84 FEDERAL REPORTER.
this plier with the Russell plier, patented in 1877, which is evidently the strongest reliance of defendants. Its grip is limited, and its strength diminished by the skeleton jaws slotted in two directions, and the object to be gripped is not only outside the center of strain, but substantially outside of the forward ends of the levers. For this reason, and because of s,aid sl't>tted skeleton jaws, said plier is much more liable to break than in complainant's construction, with outside cross levers where the gripping surfaces extend back to the fulcrum. Defendants are in no position to question the utility of the Bernard device. It is new. The board of examiners have found that it showed invention. The public for six years have acquiesced. Defendants' pliers and punch come within the terms of the claim. I conclude that claim 1 of patent No. 427,220 is valid. p.atent No. 427,497 adds to the pliers of No. 427,220 a punch having its head fixed in one of the parallel jaws, with a screw and thread connection, which punch extends through and is guided by the companion jaw, so that, when the jaws are closed, the end of the punch enters a die or hole in the end of a bracket arm, which is fastened upon the outside of this latter jaw, and so as to be paranel to it. ,Although both patents were issued on the same day, the application for the punch patent was filed several months after that for the pliers. In view of the many instances of a similar punch added to plier,s in the prior art, it is difficult to see any invention in this second patent, distinct from that contained in the first. Let a decree be entered for an injunction and an accounting as to the first claim of patent No. 427,220..
THE DAYTON. FLANNERY et al. v. THE DAYTON. (District Court, E. New York. November 16, 1897.)
SALVAGE COMPENSA'l'ION-BURNING LIGHTER.
$2,000 awarded on a salved value of $14,000, for the services of 16 tugs, occupying about two hours, in extinguishing a fire on a lighter and beaching the latter, with slight risk to either the persons or property of the salvors; the amount to be d\stributed, two-thirds to the various owners of the tugs, and one-third to the crews, in proportion to their wages.
These were libels by the owners of 16 tugs against the steam lighter Dayton and her cargo, to recover salvage. The suits were consoli· dated on motion. Cowen, Wing, Putnam & Burlingham, for the Atwood and five other tugs. Peter S. Carter, for the Hudson and four other tugs. Alexander & Ash, for the J. & J. McCarthy. Hyland & Zabriskie, for the Atalanta and two other tugs. Stewart & Macklin, for the John D. Pratt. Wilcox, Adams & Green, for claimants. TENNEY, District Judge. On July 5, 1894, the steam lighter Dayton, about 105 feet in length, was proceeding from the Atlantic
THE LADY FURNESS.
docks to Jersey City, and when near Governor's Island, in the East river, a fire broke out in her cargo. She at once sounded her alarm signal, and 16 tugs, lying in and aoout the harbor of New York, hastened with commendable promptness to the aid of the imperiled lighter. Her cargo was very inflammable, consisting of 45 bags of nitrate of soda, 51 coils of old rigging, 19 cases of dolls, and 78 bales of old bagging. The day was pleasant; the hour of the fire opportune, being between 3 :45 and 5 :30 o'clock in the afternoon; the wind was blowing lightly from the northwest; the risk to the property and danger to the persons of the salvors slight; the time employed in extinguishing the flames and beaching the lighter was about two hours. The amount of property saved, including cargo, was a fraction over $14,000. The claimants' steam tug Van Houten, and the New York Central boat, No. 13, rendered excellent service, but make no claim for same. Taking into consideration this fact, and after a careful consideration of the evidence and all the circumstances attending this fire, I am of the opinion that $2,000 would be a fair and reasonable award, the sameto be apportioned among the several tugs as follows: Hudson and Atalanta, $325 each; Municipal, $200; Bentley, $175; Pratt, $150; Garrison, Dinsdale, and Dumont, $125 each; Leader, Fuller, and Petty, $100 each; Welcome, McCarthy, Atwood, Raymond, and Lohman, $30 each,. The sums awarded to be distrib· uted as follows: Two-thirds to the owners, and one·third to the crew, in proportion to their wages. Let decree be entered accordingly, with costs.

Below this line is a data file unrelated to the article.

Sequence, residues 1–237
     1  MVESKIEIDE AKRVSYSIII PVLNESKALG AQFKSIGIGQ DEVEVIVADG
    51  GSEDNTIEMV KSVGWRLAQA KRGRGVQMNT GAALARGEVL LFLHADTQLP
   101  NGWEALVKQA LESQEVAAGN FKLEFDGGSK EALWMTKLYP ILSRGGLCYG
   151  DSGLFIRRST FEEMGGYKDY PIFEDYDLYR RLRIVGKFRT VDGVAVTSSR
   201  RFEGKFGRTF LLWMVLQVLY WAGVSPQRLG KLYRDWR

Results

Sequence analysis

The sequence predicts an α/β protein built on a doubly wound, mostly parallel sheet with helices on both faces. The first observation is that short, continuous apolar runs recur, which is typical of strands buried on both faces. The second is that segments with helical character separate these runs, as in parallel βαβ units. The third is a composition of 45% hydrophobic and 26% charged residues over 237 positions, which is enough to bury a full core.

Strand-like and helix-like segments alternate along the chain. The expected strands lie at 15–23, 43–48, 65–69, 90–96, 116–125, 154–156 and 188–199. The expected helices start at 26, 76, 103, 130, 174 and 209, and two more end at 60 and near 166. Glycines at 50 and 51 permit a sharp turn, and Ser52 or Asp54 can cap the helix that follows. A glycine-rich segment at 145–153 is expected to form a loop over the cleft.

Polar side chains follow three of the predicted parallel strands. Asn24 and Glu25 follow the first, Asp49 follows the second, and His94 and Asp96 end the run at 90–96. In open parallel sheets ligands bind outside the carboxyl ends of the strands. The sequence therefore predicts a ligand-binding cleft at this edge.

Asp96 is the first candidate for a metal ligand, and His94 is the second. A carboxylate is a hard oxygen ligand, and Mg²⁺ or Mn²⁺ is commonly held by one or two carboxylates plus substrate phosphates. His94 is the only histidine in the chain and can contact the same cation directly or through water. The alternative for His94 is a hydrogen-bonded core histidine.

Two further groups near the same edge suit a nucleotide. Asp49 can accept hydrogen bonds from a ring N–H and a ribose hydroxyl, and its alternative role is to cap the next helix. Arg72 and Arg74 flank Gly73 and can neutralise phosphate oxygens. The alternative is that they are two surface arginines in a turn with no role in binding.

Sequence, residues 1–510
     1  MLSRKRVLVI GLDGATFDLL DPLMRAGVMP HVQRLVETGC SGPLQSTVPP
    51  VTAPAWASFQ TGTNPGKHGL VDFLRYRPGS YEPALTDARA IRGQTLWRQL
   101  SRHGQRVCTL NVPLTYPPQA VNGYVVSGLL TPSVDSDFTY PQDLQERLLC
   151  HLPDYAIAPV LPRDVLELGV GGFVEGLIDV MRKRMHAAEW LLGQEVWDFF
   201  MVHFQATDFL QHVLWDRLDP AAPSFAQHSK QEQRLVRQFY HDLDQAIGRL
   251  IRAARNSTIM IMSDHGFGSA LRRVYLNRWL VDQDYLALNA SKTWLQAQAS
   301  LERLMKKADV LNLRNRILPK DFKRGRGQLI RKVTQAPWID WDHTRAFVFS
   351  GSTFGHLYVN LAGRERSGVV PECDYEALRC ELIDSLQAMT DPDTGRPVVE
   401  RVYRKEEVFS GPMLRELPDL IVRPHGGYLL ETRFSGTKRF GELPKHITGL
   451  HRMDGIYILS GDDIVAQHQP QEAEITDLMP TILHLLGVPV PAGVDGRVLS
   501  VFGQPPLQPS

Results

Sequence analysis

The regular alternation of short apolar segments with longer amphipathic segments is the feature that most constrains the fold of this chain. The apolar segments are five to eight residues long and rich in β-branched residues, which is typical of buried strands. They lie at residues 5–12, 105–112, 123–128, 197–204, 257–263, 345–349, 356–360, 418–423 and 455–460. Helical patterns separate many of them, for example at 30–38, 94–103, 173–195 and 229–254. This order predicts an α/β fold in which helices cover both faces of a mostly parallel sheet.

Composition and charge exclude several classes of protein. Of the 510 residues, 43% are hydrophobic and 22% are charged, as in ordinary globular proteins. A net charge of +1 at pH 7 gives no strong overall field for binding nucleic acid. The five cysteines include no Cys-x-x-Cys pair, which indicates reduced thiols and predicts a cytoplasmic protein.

THE LADY FURNESS. STEINDL v. THE LADY FURNESS.
(DIstrIct Court, E. D. New York.
December 1, 1897.)
The mere fact that a fireman on a steamship is required to perform extra watches, in place of sick seamen, does not justify desertion, in the absence of any claim of bad treatment or deViation; nor is the desertion justified by the fact that the contract under which he was serving may have been harsh, or the term thereof long (three years). And one so deserting cannot recover wages. Whether the court shall take jurisdiction of a suit by a foreign seaman against a foreign ship for wages is a matter largely in its own discretion. and it may do so notWithstanding a request to the contrary by the consul of the country to which the ship belongs.
SAME-.JURISDlCTION-FoREIGN SHIPS AND CREWS.
This was a libel in rem by Anton Joseph Steindl against the steamer Lady Furness to recover seaman's wages. Hyland & Zabriskie, for libelant. Robinson, Biddle & Ward, for claimant. TENNEY, District Judge. This is a libel against the British steamship Lady Furness for seaman's wages. It appears that on or about September 3, 1895, the libelant entered into a contract, or signed certain shipping articles, for a voyage, as fireman on said